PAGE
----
Teaching of Genocide is Spotty - 2002

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Teaching of Genocide is Spotty

Commentary by C.K. Garabed

Published in the Armenian Weekly

July 6, 2002

Ed. Note: The following article was published in the May 22, 2002 issue of the Teaneck Suburbanite, in response to a May 8 article by Ed Flynn, titled “Is there ever a time to forgive and forget?” Flynn’s article was a response to a letter from Steve Nigohosian of Ridgewood, whi is the grandson of Armenian Genocide survivors. Flynn argued that remembering the Genocide should not become official U.S. policy, as the possibilities to remember other atrocities are endless. Instead, he suggested a Day of Remembrance and Reconciliation to honor all of the martyrs of past massacres, and not to forget, but to “remember and forgive.”

Regarding your opinion article, “Is there ever a time to forgive and forget?” in the Teaneck Suburbanite, one could write a veritable treatise in response. However, I will try to address the matter as briefly as possible with three points.

My first point has to do with that part of your article wherein you quote Steve Nigohosian: “The Armenian Genocide, unlike the Holocaust which followed it, is not consistently taught in school curriculums in America…” Based upon your subsequent conclusions, and to extend the logic of your argument, the Holocaust would also cease to be taught. Is this your thesis?

Secondly, you write, “Maybe what we need is an annual worldwide ‘Day of Remembrance and Reconciliation’ on which we can honor all of the martyrs of past massacres, shake hands with old enemies, and pledge to do better.” Before we propose anything worldwide, why don’t we get our own house in order? The Holocaust Museum in Washington memorializes events that took place outside America, perpetrated by non-Americans against non-Americans.

Meanwhile, the museum fails to adequately honor the memory of the people who should head the list of victims of genocide and massacre, and that is our own Native Americans. They were Americans who were slaughtered right here in America. The pecking order can then include Africans, Jews, Irish, Armenians, etc. And what’s wrong with opening up such a taxpayer-supported museum to all victimized peoples?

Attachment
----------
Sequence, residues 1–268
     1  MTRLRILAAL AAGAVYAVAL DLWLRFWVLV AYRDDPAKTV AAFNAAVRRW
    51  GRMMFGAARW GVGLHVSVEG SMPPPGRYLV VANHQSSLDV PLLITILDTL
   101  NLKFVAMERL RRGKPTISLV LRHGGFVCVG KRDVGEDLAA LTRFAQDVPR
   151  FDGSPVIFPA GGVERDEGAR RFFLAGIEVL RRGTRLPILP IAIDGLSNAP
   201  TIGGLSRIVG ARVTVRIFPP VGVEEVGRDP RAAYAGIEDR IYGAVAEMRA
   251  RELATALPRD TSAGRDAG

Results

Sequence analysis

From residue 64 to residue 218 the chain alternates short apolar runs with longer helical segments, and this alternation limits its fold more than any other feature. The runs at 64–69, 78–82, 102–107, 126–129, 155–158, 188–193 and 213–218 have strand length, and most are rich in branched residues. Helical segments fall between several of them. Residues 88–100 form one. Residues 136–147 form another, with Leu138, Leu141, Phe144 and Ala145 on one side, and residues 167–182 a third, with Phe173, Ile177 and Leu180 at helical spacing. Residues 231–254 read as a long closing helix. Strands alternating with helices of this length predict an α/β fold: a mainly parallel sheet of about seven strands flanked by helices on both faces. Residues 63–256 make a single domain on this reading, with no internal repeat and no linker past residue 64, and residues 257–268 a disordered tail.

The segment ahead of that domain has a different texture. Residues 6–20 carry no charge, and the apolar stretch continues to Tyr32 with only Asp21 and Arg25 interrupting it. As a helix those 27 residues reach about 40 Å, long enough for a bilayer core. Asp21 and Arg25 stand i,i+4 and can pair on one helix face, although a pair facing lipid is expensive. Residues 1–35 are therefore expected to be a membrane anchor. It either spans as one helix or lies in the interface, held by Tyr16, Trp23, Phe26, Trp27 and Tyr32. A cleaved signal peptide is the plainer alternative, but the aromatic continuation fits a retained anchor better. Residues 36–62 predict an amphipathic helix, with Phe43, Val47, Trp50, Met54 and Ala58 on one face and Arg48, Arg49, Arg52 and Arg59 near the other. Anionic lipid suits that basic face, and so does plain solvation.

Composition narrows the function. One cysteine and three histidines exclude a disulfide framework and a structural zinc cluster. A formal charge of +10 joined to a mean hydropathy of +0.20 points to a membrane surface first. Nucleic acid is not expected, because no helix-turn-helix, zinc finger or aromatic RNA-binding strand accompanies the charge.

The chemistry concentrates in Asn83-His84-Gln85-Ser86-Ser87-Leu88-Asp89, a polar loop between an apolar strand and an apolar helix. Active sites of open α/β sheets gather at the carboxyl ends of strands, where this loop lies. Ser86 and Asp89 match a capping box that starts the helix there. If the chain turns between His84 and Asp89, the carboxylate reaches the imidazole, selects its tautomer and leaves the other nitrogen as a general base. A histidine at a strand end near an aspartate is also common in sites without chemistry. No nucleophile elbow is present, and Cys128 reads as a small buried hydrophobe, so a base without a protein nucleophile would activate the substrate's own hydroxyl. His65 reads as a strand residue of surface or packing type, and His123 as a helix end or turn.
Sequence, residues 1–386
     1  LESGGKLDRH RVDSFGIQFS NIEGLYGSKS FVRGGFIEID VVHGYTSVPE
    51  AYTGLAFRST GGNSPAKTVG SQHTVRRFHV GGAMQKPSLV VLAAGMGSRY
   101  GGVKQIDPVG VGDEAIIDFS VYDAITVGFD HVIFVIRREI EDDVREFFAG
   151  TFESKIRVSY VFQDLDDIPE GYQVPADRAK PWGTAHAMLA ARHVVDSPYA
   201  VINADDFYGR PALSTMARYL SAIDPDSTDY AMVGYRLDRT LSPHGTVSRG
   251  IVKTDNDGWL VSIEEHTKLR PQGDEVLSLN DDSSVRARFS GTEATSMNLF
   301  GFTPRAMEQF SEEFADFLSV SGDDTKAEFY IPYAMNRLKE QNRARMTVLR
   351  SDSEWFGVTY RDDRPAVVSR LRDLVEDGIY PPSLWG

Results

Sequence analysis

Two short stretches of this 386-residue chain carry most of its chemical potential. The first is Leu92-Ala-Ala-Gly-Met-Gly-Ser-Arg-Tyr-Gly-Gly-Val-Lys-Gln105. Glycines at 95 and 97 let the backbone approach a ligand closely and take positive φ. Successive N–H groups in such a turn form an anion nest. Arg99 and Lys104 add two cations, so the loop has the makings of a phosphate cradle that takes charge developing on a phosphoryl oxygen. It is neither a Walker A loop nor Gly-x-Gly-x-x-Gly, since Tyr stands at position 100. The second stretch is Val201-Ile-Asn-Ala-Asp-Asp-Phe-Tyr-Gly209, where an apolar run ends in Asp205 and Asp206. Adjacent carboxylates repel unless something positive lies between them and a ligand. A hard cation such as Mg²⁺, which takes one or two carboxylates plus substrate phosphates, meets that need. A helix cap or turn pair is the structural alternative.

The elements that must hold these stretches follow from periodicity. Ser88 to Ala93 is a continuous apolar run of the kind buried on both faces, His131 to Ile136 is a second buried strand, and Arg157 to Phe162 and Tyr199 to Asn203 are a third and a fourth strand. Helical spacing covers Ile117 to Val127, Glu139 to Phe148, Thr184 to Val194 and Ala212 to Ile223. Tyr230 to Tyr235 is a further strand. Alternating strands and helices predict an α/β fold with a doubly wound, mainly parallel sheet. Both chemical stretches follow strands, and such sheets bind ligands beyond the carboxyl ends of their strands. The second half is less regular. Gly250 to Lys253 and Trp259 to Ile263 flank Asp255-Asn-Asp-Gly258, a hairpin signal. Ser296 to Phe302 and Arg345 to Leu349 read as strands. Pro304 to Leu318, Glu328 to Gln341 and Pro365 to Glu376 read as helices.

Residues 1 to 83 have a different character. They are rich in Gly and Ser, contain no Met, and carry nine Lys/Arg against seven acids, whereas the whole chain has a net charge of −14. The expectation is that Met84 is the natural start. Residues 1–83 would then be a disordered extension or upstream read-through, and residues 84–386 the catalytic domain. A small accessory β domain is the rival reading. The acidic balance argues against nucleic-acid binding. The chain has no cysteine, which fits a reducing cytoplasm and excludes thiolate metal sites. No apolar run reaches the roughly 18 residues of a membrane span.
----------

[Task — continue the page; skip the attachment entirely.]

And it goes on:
The latter part of your statement concerns your desire for old enemies to shake hands and pledge to do better. Here I must make a special pleading for the Armenians. Are you aware that the government of Turkey has established Chairs of Turkish Studies in major U.S. universities, where the occupants of these chairs are teaching courses and writing books that describe what befell the Armenians not as genocide, but as “the unfortunate effects of war?” Are you aware that this same line is repeated by the present government in Turkey? And that America doesn’t want, for political reasons, to offend Turkey, so the Turkish denial is permitted to stand?

Here then we have a vast crime that not only continues to go unpunished, but isn’t even acknowledged. So where is America’s gratitude to the Armenian warriors who turned the tide of battle to win World War I for the Allies? Sounds far-fetched, doesn’t it? Only to those who don’t know the complete history of that conflict. Permit me to fill you in.

With the outbreak of war in 1914, the Armenian people, who had made their homeland in Asia Minor for over 3,000 years, were divided between Russia and Turkey. Half the Armenians were ruled by the Russian Empire and half by the Ottoman Empire. Because Russia and Turkey were antagonists in that conflict, the Armenians would have fought against each other. But this did not happen because, although the Russians made good use of their Armenian subjects to augment their own armed forces, the Turks cut off their noses to spite their faces by separating the Armenian soldiers from the Turkish ones in order to liquidate them. Thus, there remained only the Russian Armenians to oppose Turks in combat.

The associated powers of England, France and the United States referred to Armeinan as their “Little Ally.” And the magnitude of the achievements of the Armenian warriors has never been adequately recognized by the civilized world, despite strong evidence of such accomplishments that assured the allied victory over the central powers.

During one of the most critical phases of the war, the Turks with their German partners mounted a drive to secure the oil fields of Baku. They failed to do so in time, not because of the opposition of the British troops, who eventually retreated, but because of the Armenian legions that stood fast. The strategic importance of their resistance was ably attested to by no less a personage than General Ludendorff, Chief of Staff of the German Army, who stated that the delay in reaching the oil fields of Baku contributed directly to the collapse of the German Army in Western Europe for lack of fuel.

Finally, after three decisive engagements of the Armenians with the Turks at the battles of Bash-Abaran, Karakilise, and Sardarabad, the victorious Armenians, who had outnumbered two to one, proclaimed the First Free and Independent Armenian Republic. Unfortunately, this model republic lasted only two years. That was because of the conspiracy between the armies of the Russian Bolsheviks and the Turkish forces, led by Mustapha Kemal Ataturk, to take advantage of the refusal of the US Senate to ratify President Wilson’s plan for a U.S. mandate for Armenia.

Faced with certain annihilation by the murderous Turkish hordes, the Armenians accepted the lesser of the two evils by agreeing to the Sovietization of a greatly reduced territory of Armenia. That situation lasted for 70 years, when a crumbling Soviet Union enabled the Armenians to regain their national sovereignty by proclaiming the Second Free and Independent Republic of Armenia.

It may be that you are not aware of these facts. If so, how could you be? You were never taught them! See what I mean?